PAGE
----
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5 Helps for the Angry, Reactionary Mom

How dare he act that way” I thought as my toddler threw a tantrum while I left my friend’s house. “I don’t want to go home!” he screamed as I picked him up. His little legs were still kicking as he and I went to the car.

“Bad mom” echoed in my head. What am I doing wrong? I was angry and ashamed, feeling like a failure. Moms aren’t supposed to be angry, at least according to Instagram. But the feelings are real when your kid has a meltdown in the cereal aisle in Walmart.

Does the behavior of your kids bring out the worst in you, especially in the summer when kids seem to do nothing but irritate each other and you?

How do you manage your emotions when your kid can’t manage his?

  1. Remove shame. It’s natural for a parent to feel frustrated, embarrassed, irritated, or angry when their child has an outburst. But shaming yourself or your child makes the situation worse for both of you. Shame causes you to react out of self-preservation rather than tending to your child and responding appropriately to their behavior.
  2. Self-regulate so you can help rather than react. Get a drink of water, walk to another room, lower your heart rate by taking deep breaths. Take a timeout of any kind. If you’re in a public place, worry less about what others think and more about your child’s needs. It’s hard for your kids to do what you can’t do yourself.
  3. Ask the Holy Spirit for assistance. When you have a relationship with Jesus Christ, His counselor and helper live in you. The Holy Spirit transforms in you what you can’t do yourself. The fruit of the Spirit is love, joy, peace, patience, kindness, goodness, gentleness, faithfulness, and self-control. Ask God for help in the moment. He knows what your child needs. Ask Him for wisdom and perspective. He will meet your needs.
  4. Be on the same team as your child. In these moments, your natural self will tell you that your kid needs to obey you at all costs. It will tell you that threats, yelling, shaming, and asking stupid questions will cause them to comply and settle down. But these responses can invoke a power struggle between you and your child and position you against each other. Instead, be on the same team as him. You’re for him, not against him. He needs you to be the adult and help him regulate because he can’t do it on his own.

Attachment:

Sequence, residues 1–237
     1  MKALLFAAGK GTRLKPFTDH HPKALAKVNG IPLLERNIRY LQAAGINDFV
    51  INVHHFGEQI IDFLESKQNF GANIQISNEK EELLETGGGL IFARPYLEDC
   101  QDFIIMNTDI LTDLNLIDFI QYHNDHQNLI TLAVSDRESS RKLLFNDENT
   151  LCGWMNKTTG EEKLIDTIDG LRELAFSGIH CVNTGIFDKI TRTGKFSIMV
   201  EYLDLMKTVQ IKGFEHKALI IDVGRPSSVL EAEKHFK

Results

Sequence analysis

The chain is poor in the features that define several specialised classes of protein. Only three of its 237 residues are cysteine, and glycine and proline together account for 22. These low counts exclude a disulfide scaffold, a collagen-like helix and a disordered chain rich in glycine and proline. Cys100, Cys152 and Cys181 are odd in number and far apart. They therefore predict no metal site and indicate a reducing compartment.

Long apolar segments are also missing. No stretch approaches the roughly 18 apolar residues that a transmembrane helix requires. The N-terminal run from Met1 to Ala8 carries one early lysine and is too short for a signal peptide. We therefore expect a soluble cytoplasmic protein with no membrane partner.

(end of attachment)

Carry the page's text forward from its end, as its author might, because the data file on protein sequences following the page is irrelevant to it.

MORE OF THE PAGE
5. Deal with the “why” behind the behavior when you’ve both calmed down. There is some need your child’s trying to communicate. It might be frustration, feeling tired, or being overwhelmed. He might need choices. But it might be a bigger issue that you must tend to, with grace and truth. A child’s behavior says what he doesn’t have the vocabulary to say, even teens. Look beyond the behavior, but also be open to the responsibility you may have in driving the need behind the behavior.

Friend, the struggle is common and you’re not alone. Reach out to other moms, a mentor, or a professional for support. Additional helpful resources are: Calming the Angry Child by Tricia Goyer, The Connected Child by Karen Purvis, and Balance, Busyness, and Not Doing It All, which deals with underlying stressors that drive your responses.

Lord, help each mom struggling with her emotions, no matter what stage of parenting she’s in. Equip her every need, according to your glorious riches in Christ Jesus (Philippians 4:19). Amen.

Love to you!


brendayoder.com, Author of Fledge: Launching Kids Without Losing Your Mind

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